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Abstract: SA-PO1059

Exposure to Wildfire Smoke Increases Mortality in US Hemodialysis Patients

Session Information

Category: Dialysis

  • 701 Dialysis: Hemodialysis and Frequent Dialysis

Authors

  • Xi, Yuzhi, Oak Ridge Institute for Science and Education, United States Environmental Protection Agency, NHEERL, Chapel Hill, North Carolina, United States
  • Kshirsagar, Abhijit V., University of North Carolina, Chapel Hill, North Carolina, United States
  • Wade, Timothy J., United States Environmental Protection Agency, Research Triangle Park, North Carolina, United States
  • Richardson, David, University of North Carolina, Chapel Hill, North Carolina, United States
  • Brookhart, M. Alan, University of North Carolina, Chapel Hill, North Carolina, United States
  • Rappold, Ana G., United States Environmental Protection Agency, Research Triangle Park, North Carolina, United States
Background

Wildfires are a significant source of fine particulate matter (PM2.5) that is causally related to mortality. Our objective is to assess the effect of wildfire-PM2.5 on daily mortality among patients receiving chronic in-center hemodialysis (HD) in the US.

Methods

From the United States Renal Data System (USRDS), we identified patients who 1) had Medicare as primary payer, 2) survived first 3 months of dialysis, and 3) visited dialysis clinics within the 627 counties impacted by at least one large wildfire between 2008-2012. Outcomes were daily all-cause mortality and all-cause mortality by place of death (clinical and nonclinical). Exposure was county-level daily wildfire-PM2.5 concentrations. We tested the association of wildfire-PM2.5 exposure to daily mortality using time series analysis, while controlling for time-dependent factors (temperature, etc.) and by design for time-independent characteristics (demographics and comorbidities). The immediate (same day) effect and the cumulative effect of 1, 7, 14, and 30 days of the exposure to wildfire-PM2.5 on mortality were expressed as adjusted rate ratios (RR) per 10 mg/m3increase in PM2.5.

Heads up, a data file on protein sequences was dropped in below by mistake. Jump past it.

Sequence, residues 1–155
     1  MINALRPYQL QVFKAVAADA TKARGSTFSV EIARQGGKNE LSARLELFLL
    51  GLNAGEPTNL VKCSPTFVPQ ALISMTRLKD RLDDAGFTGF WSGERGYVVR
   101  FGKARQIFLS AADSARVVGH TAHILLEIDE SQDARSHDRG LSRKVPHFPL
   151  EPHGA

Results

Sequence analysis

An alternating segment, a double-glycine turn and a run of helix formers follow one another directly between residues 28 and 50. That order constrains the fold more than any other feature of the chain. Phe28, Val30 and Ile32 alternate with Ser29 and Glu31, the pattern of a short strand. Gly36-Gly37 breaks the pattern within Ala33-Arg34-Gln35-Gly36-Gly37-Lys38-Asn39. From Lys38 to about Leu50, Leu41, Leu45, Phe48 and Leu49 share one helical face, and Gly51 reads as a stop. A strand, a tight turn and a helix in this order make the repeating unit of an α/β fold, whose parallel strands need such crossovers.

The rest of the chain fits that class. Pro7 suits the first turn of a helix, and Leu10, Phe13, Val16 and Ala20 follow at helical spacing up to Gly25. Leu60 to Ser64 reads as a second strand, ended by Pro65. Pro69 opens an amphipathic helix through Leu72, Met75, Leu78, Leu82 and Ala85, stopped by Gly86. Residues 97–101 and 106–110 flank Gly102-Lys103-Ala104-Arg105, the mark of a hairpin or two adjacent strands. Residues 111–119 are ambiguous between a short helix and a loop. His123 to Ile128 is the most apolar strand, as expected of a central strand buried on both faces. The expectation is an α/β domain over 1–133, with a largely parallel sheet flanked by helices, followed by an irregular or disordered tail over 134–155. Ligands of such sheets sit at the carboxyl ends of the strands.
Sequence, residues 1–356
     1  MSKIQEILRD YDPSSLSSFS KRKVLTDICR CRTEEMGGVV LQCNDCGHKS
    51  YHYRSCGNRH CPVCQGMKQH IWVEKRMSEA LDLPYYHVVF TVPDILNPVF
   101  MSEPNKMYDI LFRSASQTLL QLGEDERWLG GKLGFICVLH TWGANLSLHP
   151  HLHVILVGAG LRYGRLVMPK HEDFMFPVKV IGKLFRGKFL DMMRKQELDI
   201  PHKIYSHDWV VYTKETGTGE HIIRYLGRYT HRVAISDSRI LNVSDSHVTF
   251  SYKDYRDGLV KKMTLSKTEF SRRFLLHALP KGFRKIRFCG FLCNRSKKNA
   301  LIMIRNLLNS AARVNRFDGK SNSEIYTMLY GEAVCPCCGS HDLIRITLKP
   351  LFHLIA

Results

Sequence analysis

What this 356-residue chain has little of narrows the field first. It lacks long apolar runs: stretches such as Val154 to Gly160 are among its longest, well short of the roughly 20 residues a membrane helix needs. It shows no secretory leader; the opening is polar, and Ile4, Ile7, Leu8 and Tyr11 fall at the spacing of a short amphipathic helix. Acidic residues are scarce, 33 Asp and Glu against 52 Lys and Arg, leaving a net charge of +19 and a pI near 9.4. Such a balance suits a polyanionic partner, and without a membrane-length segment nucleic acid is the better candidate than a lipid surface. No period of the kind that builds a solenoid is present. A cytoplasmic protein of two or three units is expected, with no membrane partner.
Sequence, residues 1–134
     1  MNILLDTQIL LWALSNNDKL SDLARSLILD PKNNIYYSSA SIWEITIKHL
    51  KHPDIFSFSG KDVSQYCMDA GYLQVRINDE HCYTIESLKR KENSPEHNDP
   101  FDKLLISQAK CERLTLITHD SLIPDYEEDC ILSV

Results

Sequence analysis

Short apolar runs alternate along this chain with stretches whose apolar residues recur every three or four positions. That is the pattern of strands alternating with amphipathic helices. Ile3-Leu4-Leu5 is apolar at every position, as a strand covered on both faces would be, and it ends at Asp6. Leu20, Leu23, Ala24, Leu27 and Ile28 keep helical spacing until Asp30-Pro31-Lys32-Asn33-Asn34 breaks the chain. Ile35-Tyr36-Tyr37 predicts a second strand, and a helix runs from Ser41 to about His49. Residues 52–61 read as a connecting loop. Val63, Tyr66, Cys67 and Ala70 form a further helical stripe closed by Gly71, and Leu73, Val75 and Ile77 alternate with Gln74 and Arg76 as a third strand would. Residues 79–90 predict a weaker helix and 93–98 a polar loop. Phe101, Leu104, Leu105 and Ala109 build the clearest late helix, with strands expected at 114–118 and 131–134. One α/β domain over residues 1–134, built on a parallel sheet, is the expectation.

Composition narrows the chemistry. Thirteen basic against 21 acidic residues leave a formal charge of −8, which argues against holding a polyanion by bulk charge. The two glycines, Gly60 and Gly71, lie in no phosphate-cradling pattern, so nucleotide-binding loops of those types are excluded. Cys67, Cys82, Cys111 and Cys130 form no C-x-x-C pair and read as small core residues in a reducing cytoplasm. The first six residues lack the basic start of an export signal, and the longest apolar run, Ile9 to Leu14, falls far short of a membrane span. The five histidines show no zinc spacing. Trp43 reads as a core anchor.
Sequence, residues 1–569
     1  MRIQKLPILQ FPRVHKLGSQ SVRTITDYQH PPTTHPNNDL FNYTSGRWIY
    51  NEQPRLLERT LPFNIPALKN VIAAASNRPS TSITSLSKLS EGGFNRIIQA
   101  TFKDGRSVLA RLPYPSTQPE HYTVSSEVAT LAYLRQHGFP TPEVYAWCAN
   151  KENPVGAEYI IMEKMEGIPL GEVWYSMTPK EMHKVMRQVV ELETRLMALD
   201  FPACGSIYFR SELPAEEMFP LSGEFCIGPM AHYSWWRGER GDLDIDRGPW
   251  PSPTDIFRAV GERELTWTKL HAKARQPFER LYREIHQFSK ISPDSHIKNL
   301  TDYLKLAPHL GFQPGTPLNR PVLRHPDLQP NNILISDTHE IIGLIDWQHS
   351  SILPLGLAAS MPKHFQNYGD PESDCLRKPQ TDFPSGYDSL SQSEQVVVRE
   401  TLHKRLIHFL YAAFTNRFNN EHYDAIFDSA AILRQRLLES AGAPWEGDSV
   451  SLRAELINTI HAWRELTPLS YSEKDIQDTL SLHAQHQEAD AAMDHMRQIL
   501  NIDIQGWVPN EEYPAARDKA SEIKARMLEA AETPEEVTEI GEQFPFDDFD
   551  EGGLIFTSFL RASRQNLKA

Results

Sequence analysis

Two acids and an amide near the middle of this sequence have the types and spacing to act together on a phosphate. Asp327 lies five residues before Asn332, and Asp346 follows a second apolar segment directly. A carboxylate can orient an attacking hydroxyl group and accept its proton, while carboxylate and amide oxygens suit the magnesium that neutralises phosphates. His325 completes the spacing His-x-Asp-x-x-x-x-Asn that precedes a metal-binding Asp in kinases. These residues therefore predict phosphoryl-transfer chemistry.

Results

Among 48,454 deaths, the RR of the same day effect on all-cause mortality was 1.04 (95%CI: 1.01-1.07) and the cumulative effects of 1, 7, 14, and 30 days following the exposure were 1.05 (1.02-1.08), 1.07 (1.03-1.11), 1.06 (1.01-1.10), and 1.07 (1.01-1.12), respectively. For all-cause death occurring in non-clinical settings, the RR of the same day effect was 1.07 (95%CI: 1.02, 1.12), and the respective RRs of cumulative effect were 1.07 (95%CI: 1.02, 1.12), 1.09 (95%CI: 1.02, 1.15), 1.07 (95%CI: 1.00, 1.15), and 1.09 (95%CI: 1.01, 1.18).

Conclusion

Wildfire-PM2.5 exposure was associated with a ~5% increase in daily all-cause mortality rate among HD patients. These deaths occurred in non-clinical settings such as homes, where exposure to PM2.5 may be exacerbated. The first of its kind study highlights the impact of environmental exposures on a fragile population, and the need for additional research. This abstract does not reflect EPA policy.

Funding

  • Other U.S. Government Support